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primary episode, and 34 (65%) had reactivation. Neonatal infection developed in 6/18 infants (33%) born to mothers with a first episode of genital HSV and 1/34 (3%) infants born to mothers with a reactivation. Neonatal HSV also occurred in 3 of 15 867 women with negative cultures, a transmission rate of 0.02%. Of the 56 women who shed virus asymptomatically at labour, 7 transmitted HSV to their infants, a transmission rate of 12.5 %. The overall rate of neonatal herpes in this study was approximately 1 in 2000 liveborn infants (Brown et al, 1991). Others have confirmed that women with a history of previous genital infection and virus excretion at delivery have a low transmission rate to their children (Prober et al, 1987, 1988). Therefore, given the facts that a maternal history of genital herpes is often inaccurate in predicting neonatal disease and virus shedding, that antepartum cultures do not predict viral shedding at delivery in either asymptomatic or symptomatic women, and that neonatal HSV infection can occur even in the absence of positive cultures at delivery, antepartum cultures are not useful in predicting babies at risk. There are also practical problems with cultures. Both the cervix and the labia would need to be cultured as virus excretion can occur from both or just one of these sites. Results take some days, thus offering limited value in the management of labour (Gibbs et al, 1988; Lissauer and Jefferies, 1989). The role of serology in pregnancy

As has been stated, in pregnant women who shed HSV-2 asymptomatically in early labour about one-third have recently acquired genital herpes, and their infants are about ten times more likely to develop HSV than those born to women with asymptomatic reactivation. This suggests that maternal antibodies specific to HSV-2 (but not to HSV-1) will reduce the transmission of HSV-2. The next step is to identify women who may be at risk of unsuspected infection with HSV-2 during pregnancy. A recent study addressed this problem by prospectively examining pregnant women presenting to private obstetric practices in California, USA. They found that 32% of 277 women and 25% of 190 partners studied were seropositive for HSV-2 at the initial antenatal visit. Most couples (139/190 or 73%) were serologically concordant for HSV-2, with 57% being both seronegative and 16% both seropositive. There were 18 seronegative women (9.5%) whose partners were seropositive, and 10 of these partners had no history of genital herpes. Therefore, approximately 10% of pregnant women were at risk of contracting a primary HSV-2 infection from their seropositive husbands and in approximately half, this risk was unsuspected. In this situation, antepartum serological testing identified HSV-2 seronegative mothers in a high seroprevalence population who could be unsuspectingly exposed to HSV-2 (Kulhanjian et al, 1992). The frequency of seroconversion during pregnancy in this study was 6% (1/18). The annualized incidence of seroconversion was estimated at 11% in seronegative women with seropositive partners and 20% in such couples who engaged in unprotected intercourse during the pregnancy. It would appear that serology testing of women at the first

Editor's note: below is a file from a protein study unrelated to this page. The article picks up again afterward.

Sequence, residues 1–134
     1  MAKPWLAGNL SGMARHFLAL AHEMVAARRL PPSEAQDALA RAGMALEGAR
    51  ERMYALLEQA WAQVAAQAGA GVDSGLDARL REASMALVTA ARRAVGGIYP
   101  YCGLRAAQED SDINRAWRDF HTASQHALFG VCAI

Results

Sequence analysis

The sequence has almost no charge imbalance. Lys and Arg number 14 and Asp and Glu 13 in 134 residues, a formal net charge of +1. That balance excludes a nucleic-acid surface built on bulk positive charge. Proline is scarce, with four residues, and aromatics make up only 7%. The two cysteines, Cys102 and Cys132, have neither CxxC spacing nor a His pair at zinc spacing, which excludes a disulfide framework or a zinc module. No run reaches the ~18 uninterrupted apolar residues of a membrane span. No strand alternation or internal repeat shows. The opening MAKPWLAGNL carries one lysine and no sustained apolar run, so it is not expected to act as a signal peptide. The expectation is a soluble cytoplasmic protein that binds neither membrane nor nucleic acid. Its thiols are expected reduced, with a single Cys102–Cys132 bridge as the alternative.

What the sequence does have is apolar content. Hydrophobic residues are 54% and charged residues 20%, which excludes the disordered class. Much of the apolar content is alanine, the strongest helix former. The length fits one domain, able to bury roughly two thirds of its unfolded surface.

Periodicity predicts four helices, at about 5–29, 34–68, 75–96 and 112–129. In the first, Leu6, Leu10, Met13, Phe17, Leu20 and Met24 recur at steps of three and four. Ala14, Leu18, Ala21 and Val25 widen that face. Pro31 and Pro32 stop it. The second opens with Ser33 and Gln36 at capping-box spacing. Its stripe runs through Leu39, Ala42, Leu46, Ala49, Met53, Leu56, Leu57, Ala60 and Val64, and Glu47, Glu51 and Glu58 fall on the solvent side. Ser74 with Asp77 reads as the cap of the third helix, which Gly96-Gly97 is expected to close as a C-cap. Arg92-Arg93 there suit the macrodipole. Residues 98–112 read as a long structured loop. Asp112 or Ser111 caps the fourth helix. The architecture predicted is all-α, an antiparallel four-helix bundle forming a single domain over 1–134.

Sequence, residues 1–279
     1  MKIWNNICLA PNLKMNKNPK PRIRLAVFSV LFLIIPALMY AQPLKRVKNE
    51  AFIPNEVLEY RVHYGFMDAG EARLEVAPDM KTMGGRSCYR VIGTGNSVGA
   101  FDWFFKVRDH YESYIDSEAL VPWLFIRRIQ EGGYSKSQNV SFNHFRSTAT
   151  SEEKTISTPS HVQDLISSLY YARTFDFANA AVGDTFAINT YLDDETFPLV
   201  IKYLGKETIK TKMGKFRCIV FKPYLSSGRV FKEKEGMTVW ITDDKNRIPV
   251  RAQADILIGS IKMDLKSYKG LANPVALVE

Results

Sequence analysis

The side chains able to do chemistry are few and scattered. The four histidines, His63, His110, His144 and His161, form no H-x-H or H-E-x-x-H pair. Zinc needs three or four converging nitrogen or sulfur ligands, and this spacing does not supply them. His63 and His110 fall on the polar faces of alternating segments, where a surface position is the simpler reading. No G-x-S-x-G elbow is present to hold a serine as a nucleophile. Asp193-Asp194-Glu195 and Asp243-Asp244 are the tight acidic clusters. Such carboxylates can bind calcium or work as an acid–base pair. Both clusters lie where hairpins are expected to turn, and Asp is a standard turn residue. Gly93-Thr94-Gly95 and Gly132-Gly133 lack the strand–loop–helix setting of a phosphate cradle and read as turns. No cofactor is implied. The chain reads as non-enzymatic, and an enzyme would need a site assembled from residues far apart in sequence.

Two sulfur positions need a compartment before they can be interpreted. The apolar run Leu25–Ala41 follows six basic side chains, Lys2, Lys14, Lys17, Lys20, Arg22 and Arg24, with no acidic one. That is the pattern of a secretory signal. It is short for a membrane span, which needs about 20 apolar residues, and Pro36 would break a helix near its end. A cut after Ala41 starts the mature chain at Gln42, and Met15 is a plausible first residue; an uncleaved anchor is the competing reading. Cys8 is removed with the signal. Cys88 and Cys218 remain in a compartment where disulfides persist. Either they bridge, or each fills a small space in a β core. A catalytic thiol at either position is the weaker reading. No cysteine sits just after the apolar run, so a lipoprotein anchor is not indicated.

antenatal visit and their partners would be the only way theoretically to assess those at risk of acquiring primary HSV-2 in pregnancy. Possible advantages are that appropriate precautions to prevent transmission could be suggested to those at risk (e.g. condom use or abstinence, especially in the third trimester), and HSV-2 seropositive females could be identified (including those with no history of genital herpes) and advised about early recognition of genital lesions. 'Surveillance' cultures could be taken from seropositive mothers and their babies at delivery to aid the early identification of HSV-infected infants. However, routine screening of partners may not be practical. Moreover, at present these serological tests are only available in research institutions, and there has been no analysis of the cost of testing versus the number of neonatal infections that may be prevented. As up to 35% of neonatal herpes infections are due to HSV-1, HSV-1 testing would also have to be performed. Testing at the first antenatal visit may also miss primary infections that occur later in pregnancy and obviously will not identify the approximately 10% of neonatal herpes infections that are acquired postnatally. Thus routine antenatal screening for HSV antibodies is unlikely to be cost-effective. MANAGEMENT OF HERPES SIMPLEX INFECTIONS IN THE PREGNANT WOMAN AND NEONATE Antiviral agents